There have been concerns about the ability of out-of-work pilots to pay for their required ongoing training, especially evidence-based training. The emergence of charities, such as PilotsTogether in the UK, has helped several out-of-work pilots to keep their essential paperwork and training up-to-date.
Some commercial and private pilots who were type rated for specific aircraft have moved to cargo airlines, due to uncertainty with passenger numbers and the availability of guaranteed work. It’s difficult to forecast the demand for pilots after Covid-19 has subsided, but a positive outlook from industry experts and analysts is an encouraging sign.
Exclusive cargo operations presented a low-barrier entry opportunity for airlines who could quickly adapt their aircraft and operations. As the Covid-19 pandemic enveloped the world, mainstream media flooded print and digital publications with images and videos of behemoth jet aircraft taking off on PPE collection and delivery missions. These aircraft were often commercial airliners with PPE strapped into whatever seats hadn’t been removed to create additional space.
Another trend in the aviation industry is the increasingly active adoption of technologies. Let’s take a deeper look into that.
It’s crucial that providers of software technologies actively meet the challenges that aviation companies encounter every day, not just challenges faced by the airline industry due to Covid-19. During the pandemic, this became even more of a focal point for aviation companies who were cutting costs and needed to be very frugal when investing in new technology. Those who invested in process automation systems were able to remove a number of task-based blockers.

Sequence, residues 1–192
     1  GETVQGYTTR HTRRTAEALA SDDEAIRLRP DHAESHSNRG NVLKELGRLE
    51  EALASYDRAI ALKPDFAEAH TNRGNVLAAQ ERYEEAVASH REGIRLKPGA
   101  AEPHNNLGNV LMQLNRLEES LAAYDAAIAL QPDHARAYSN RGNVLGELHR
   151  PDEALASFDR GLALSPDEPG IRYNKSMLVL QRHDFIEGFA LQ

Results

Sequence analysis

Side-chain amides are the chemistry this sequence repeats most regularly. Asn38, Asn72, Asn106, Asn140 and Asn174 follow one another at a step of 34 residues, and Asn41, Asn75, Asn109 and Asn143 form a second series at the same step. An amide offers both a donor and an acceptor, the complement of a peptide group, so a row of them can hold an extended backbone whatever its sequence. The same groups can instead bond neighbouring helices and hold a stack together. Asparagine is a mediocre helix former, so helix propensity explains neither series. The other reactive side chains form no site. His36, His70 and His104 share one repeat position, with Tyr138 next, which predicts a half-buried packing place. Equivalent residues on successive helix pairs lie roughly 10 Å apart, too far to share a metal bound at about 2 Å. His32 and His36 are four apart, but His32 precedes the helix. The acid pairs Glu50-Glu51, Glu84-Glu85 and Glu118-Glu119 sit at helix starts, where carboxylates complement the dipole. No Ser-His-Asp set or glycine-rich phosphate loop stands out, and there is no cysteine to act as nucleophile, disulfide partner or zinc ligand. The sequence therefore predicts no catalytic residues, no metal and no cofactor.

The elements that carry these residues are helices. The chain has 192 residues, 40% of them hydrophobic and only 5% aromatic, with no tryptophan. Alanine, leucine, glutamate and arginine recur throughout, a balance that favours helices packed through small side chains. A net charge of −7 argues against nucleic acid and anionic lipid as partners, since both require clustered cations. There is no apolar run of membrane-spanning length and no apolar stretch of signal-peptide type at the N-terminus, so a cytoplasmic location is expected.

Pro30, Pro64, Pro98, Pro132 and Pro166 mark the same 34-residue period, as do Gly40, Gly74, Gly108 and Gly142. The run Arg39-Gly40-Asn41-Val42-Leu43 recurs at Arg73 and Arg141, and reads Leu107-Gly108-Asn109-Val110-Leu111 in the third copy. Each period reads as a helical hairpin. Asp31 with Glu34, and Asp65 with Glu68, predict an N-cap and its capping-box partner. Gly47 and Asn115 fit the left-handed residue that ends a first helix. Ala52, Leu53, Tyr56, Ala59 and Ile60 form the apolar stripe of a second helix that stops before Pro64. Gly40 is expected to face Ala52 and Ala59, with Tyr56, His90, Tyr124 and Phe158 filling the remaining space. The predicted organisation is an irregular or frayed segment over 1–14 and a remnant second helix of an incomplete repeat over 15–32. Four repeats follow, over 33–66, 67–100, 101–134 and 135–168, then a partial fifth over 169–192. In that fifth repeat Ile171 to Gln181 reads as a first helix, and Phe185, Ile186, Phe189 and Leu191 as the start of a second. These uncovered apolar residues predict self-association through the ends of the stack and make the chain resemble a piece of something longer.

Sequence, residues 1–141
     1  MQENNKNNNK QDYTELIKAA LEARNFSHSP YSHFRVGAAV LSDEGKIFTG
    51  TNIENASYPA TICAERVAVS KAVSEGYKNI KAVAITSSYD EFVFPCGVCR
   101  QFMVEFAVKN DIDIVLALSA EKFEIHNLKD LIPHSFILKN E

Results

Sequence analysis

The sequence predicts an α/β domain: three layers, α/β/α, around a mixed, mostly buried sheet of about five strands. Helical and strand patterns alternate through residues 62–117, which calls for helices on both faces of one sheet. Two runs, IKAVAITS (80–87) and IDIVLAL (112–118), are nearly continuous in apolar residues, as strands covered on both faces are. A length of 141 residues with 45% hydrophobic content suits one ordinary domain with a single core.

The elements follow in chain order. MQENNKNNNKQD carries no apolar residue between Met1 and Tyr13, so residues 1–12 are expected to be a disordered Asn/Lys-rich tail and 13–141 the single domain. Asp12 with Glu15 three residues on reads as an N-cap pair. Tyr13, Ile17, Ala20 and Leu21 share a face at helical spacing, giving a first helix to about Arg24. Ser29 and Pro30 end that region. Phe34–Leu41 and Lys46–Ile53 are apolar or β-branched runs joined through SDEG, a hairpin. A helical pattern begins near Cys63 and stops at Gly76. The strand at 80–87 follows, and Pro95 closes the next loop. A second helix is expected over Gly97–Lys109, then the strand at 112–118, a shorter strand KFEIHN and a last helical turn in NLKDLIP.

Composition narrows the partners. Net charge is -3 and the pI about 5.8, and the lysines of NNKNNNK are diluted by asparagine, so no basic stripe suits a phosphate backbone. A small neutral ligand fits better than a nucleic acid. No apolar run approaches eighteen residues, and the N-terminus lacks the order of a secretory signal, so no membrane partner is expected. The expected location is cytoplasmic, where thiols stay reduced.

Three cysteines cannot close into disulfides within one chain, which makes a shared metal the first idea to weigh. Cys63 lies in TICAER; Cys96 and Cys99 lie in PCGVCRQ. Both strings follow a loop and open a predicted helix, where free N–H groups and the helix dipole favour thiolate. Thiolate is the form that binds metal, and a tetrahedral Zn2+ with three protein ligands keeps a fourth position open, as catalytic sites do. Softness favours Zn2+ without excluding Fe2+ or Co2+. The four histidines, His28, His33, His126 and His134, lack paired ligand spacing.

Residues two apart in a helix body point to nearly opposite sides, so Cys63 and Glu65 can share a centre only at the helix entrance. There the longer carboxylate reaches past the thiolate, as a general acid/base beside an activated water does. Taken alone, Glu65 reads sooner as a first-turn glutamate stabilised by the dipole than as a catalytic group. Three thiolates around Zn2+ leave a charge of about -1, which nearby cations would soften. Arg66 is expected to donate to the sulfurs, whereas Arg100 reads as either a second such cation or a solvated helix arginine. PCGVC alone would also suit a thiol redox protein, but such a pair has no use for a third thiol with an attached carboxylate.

A dynamic process automation system can:
There are a number of use cases that can be covered by software services like Fluix. Here are just a few examples:
Creating an electronic flight bag can remove up to 25-30kg of paper manuals from the flight deck. In addition, airlines can decrease turnaround time by sending important documents via Fluix to pilots, cabin crew and maintenance engineers in real-time.
As work progresses on the aircraft and various sections of a checklist are performed, all parties can log in to Fluix at any time to see the progress being made. When teams look at the data collected in aircraft maintenance checklists, they can monitor and analyze trends, such as parts degrading or the need for preventive maintenance. This is especially important in older aircraft that have old technology that does not provide this information otherwise.
Full traceability of documents is vital for ensuring compliance with industry safety requirements. With the help of Fluix, all documents are located in one centralized place and can be accessed in seconds. You can also track document history and know exactly where each document is at all times. While a manager is assigned a document, nobody else can edit it.
Matching evidence-based training with evidence-based software creates a dream team of efficiency. Let’s use the case study of Titan Airways as an example; the airline needs a large amount of data to conduct its evidence-based training operations. Fluix enabled Titan to collect data on iPads. It is easy to track where in the workflow the training paperwork is, from training completion documents, to Pilot and Cabin Crew training files.
Whilst the challenges posed by Covid-19 may still loom in the aviation sector, now is the time to plan for the future. We’ve seen first-hand how document and task management can be the key to unlocking greater operational efficiency. Let Fluix be the wind beneath your wings!